Everybody now knows of Guillermo del Toro, the genius filmmaker of things dark, grotesque and fantastical.
So it's no surprise that his first foray into fiction, "The Strain," is a masterpiece of horrific lyricism and ghastly atmosphere. Del Toro's talents mesh seamlessly with those of thriller/mystery author Chuck Hogan, slowly building up a suspenseful story of vampiric infection that threatens to engulf the entire human race. Half gut-clenching horror, half police procedural.
When Flight 753 lands at JFK, the entire plane goes dead -- and all but four passengers are found pale, bloodless and peacefully dead. And a giant cabinet is missing from the hold.
While a special disease unit tries to figure out the cause of death, Dr. Eph Goodwater starts investigating the mysterious disappearance of a cabinet from the hold. And strange physical changes begin occurring not only on the four survivors, but on the undecayed corpses in the morgue -- white blood, tracheal growths, enhanced senses, and a growing thirst for blood.
While ordinary people begin transforming into stinger-tongued horrors, Eph and his assistant Nora find Abraham Setrakian, an elderly pawnbroker who has fought the vampires since World War II. Fortunately he knows their weaknesses... and the ghastly Master who has broken an ancient truce. In just a few days, New York City is swarming with undead horrors, and
In some ways, "The Strain" initially seems like a 21st century version of "Dracula": a plane full of the dead, a coffin full of soil, and a little old man who knows way too much about vampires. But this book doesn't have a shred of Victorian romanticism or ornateness -- it's an intricate twist of New York City, scientific analysis, and grotesque horrors from darkened corners of the Old World.
And Del Toro and Hogan's writing styles complement each other beautifully. On one hand, Hogan builds up spooky suspense to hang over the plot, and manages to make the pathology and procedurals interesting. And del Toro embroiders it with moments of lyrical beauty (the occultation that stares "down at the earth with glowing, gossamer-white hair"), but he also splashes it with loads of pure horror (the heart in a jar that sends out suckers to snag blood).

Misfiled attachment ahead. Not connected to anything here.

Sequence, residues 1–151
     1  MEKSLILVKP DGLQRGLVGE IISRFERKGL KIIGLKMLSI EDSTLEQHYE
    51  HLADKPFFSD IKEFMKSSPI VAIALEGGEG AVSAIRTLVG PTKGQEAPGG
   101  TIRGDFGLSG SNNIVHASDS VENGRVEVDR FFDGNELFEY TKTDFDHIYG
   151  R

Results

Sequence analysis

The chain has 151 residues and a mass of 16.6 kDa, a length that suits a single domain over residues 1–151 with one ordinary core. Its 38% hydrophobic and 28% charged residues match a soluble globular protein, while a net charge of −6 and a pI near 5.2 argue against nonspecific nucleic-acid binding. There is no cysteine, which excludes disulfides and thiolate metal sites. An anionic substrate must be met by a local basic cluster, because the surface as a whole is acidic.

And the vampires del Toro creates are the most horrific I've seen in a long time -- trust me, these are not sexy, romantic angsty immortals. They're corpses possessed by a ghastly virus that reshapes the body into a cancerous husk filled with parasitic worms. Also a stinger-tipped tentacle-tongue in yawning jaws. And while del Toro freaks us out enough with the biological changes, he also infuses the vampires with a genuine sense of evil. It's more than just a disease.
There's a pretty wide-ranging cast of characters here -- billionaires, housekeepers, doctors, street thugs, lawyers, and even a shock-rock-star in the Marilyn Manson vein. Eph is a likable protagonist -- a kindly genius with family issues and a rocky custody battle. Abraham serves as the Van Helsing of this story, and the authors use flashback chapters to explore how his battle started -- in a concentration camp.
As for the villain, the Master is a truly spinechilling one, all the more so because he uses the corrupted body of a saintly young man, and now dwells in one of the most horrific spots in New York City.
"The Strain: Book One of The Strain Trilogy" brings vampires back into the horror fold, and blends the talents of both Chuck Hogan and Guillermo del Toro. Gripping, chilling... and not over.